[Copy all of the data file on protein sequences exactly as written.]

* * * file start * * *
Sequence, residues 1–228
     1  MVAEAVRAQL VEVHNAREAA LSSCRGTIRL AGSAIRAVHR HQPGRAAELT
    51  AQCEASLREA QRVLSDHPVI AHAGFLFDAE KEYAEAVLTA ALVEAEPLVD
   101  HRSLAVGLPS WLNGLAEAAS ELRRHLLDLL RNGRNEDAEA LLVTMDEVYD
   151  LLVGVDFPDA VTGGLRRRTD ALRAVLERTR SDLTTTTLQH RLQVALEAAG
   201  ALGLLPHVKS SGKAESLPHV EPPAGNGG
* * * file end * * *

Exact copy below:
Sequence, residues 1–228
     1  MVAEAVRAQL VEVHNAREAA LSSCRGTIRL AGSAIRAVHR HQPGRAAELT
    51  AQCEASLREA QRVLSDHPVI AHAGFLFDAE KEYAEAVLTA ALVEAEPLVD
   101  HRSLAVGLPS WLNGLAEAAS ELRRHLLDLL RNGRNEDAEA LLVTMDEVYD
   151  LLVGVDFPDA VTGGLRRRTD ALRAVLERTR SDLTTTTLQH RLQVALEAAG
   201  ALGLLPHVKS SGKAESLPHV EPPAGNGG